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Five years ago, hardly any heavy equipment was connected with telematics, says Paolo Fellin, vice president of construction and infrastructure industries at Caterpillar. Today, he says, the company has more than 300,000 connected machines worldwide.
“Two years ago, when I visited customers and talked about technology, sometimes they would get a glazed look in their eyes,” Fellin says. “Now when I visit customers, the first half-hour all they want to talk about is technology.”
We recently had the chance to talk one-on-one with Fellin and his colleague, John Carpenter, construction technology and solutions manager with Caterpillar, about their company’s strategy in this dynamic environment and how it will affect the industry and their customers.
The boom in heavy equipment technology is reshaping the industry, changing the role of partnerships and redefining competitors. For the contractors who have the desire and the means to deploy this technology it is creating double-digit gains in productivity, cost efficiency and fuel economy. And those who resist technology may find themselves marginalized as their tech-savvy competitors continue to drive down costs and boost productivity.
The industry has just emerged into the first stages of what will prove to be a decades-long revolution. And this fast pace of change has OEMs, suppliers and contractors scrambling to adjust to new realities, find the best value, and decide on the right technologies and the best path forward into an uncertain future. Uncertainty and questions abound for contractors, dealers and OEMs.
Wikipedia and Google eliminated the need to own an encyclopedia. iTunes eliminated the need to own compact discs or vinyl records. In these and thousands of other cases a small technology company with low capital requirements disrupted and eventually displaced larger, more established companies with huge legacies and capital investments.
Caterpillar has no intention of becoming the next victim of disruptive digital technology.
During our talks, Fellin showed us two slides. The first was the same heavy equipment manufacturers Caterpillar has always competed against: Deere, Case, Komatsu and others.
The second slide showed the companies Cat considers future threats. There’s not a single heavy equipment manufacturer on it. Instead, they are data, technology and service companies. Some are big, like Google, and some you’ve never heard of.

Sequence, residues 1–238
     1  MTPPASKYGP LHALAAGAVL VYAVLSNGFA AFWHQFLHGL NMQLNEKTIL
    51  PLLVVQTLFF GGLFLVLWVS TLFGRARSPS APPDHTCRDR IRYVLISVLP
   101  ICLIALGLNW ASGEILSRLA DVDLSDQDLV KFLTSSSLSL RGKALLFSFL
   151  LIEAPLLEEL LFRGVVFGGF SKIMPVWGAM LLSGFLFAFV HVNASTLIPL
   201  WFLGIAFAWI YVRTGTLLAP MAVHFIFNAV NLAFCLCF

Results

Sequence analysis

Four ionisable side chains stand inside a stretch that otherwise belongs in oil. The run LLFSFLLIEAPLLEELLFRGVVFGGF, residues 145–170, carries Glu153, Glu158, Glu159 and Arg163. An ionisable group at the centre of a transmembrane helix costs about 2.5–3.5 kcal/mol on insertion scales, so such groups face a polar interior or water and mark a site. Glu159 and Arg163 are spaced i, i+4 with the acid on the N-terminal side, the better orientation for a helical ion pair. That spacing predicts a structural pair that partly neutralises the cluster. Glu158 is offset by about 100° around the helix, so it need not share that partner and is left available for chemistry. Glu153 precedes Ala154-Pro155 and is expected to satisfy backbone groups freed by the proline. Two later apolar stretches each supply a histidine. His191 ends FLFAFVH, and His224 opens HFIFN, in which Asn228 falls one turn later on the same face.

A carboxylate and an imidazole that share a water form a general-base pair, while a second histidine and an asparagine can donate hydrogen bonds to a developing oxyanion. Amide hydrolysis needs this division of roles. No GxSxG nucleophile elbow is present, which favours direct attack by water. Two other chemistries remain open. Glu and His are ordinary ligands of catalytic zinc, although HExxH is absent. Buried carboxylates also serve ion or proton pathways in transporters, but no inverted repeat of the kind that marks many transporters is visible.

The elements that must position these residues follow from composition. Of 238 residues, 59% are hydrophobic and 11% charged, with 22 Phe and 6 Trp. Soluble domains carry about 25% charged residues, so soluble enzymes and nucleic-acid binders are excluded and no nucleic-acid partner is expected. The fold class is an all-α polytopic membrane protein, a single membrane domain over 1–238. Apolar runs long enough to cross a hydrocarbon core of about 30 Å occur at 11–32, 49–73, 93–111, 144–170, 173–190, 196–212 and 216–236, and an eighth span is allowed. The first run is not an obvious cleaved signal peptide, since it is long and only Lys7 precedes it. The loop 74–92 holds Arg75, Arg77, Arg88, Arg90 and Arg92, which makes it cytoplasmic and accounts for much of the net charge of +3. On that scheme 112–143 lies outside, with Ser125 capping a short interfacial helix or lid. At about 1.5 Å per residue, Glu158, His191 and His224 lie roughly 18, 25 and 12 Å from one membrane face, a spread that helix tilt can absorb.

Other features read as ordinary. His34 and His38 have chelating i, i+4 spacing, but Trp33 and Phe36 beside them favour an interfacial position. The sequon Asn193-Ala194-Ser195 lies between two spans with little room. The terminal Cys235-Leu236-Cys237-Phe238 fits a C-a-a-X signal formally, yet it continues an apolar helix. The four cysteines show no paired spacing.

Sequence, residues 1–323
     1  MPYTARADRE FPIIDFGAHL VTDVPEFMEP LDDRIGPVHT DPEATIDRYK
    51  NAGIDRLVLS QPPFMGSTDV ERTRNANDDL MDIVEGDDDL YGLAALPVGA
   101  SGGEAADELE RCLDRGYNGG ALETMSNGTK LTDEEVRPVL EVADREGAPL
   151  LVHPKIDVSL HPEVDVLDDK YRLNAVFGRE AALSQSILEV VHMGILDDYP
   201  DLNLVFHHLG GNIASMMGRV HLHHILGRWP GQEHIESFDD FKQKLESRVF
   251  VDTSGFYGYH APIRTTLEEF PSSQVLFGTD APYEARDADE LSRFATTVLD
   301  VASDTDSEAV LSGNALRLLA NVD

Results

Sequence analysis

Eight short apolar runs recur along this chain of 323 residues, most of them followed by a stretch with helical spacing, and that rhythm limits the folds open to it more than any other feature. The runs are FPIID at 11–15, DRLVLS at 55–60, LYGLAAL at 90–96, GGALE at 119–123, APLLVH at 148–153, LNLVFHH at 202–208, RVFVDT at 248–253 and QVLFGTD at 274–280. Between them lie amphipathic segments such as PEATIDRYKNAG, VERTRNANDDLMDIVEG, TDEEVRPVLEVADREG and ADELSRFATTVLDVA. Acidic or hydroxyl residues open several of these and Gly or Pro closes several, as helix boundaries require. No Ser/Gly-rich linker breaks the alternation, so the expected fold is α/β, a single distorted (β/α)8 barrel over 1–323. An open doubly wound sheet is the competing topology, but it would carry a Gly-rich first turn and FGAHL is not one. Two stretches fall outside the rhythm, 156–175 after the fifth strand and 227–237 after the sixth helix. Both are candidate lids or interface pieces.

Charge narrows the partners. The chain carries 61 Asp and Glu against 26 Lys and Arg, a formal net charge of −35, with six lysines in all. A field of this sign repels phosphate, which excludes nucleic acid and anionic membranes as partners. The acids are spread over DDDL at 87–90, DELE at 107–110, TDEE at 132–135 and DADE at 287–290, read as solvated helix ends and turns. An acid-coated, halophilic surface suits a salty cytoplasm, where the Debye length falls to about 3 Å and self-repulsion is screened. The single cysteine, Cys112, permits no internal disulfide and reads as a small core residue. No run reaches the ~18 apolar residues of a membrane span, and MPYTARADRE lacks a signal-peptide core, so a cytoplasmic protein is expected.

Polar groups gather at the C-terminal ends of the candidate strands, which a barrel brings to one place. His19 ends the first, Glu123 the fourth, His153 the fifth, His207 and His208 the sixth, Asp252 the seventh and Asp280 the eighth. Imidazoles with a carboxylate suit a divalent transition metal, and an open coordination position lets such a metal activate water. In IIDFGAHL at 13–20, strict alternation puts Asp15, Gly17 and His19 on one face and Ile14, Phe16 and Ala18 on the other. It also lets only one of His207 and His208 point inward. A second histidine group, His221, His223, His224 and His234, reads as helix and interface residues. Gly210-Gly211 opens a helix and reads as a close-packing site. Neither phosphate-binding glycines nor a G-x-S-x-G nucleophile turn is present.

Caterpillar is not thinking that these technology companies will suddenly start making bulldozers. Rather, these non-traditional competitors, by virtue of their unique digital capabilities, can create a lot of value for contractors. They may even alter the fundamental dynamics of the industry, and Caterpillar has no intention of being left out of the process.
If you’re keeping up with the news you know Caterpillar has entered into several technology-related acquisitions and partnerships in just this year including:
It’s not just about the iron anymore, Fellin says. It’s telematics, connectivity, data analysis, software, financing, online rental and auction technology. Those all offer solutions and opportunities for contractors. Many of them are being provided by small companies that don’t manufacture much of anything other than sensors and small black boxes—the hallmark of many disruptive technologies.
The iron isn’t going away, but Caterpillar is betting that the OEM that gets the sale is going to be the one that helps its customers manage their equipment with the best available technology while serving as the customer counselor and advisor on that technology.
“People used to ask us about dig depth and lift capacity,” says Fellin. “Now it’s: ‘How can you help me set up the jobsite so it is more productive? How do I know if my machines are working at full capacity? How do I know if an operator is using my machine well?’ We’ve gone from a customer wanting a machine to a customer wanting a solution.”
Caterpillar and several other OEMs have been using telematics data for some time to improve equipment monitoring and diagnostics and even design. With the acquisition of Uptake, the company is pushing that process to the next level.
Uptake is allowing the company to develop more predictive and proscriptive information, says Carpenter. Rather than have a telematics system that simply tells a customer when his machine is overheating, predictive and proscriptive data can tell him (or his Cat dealer) weeks ahead of time that overheating might occur.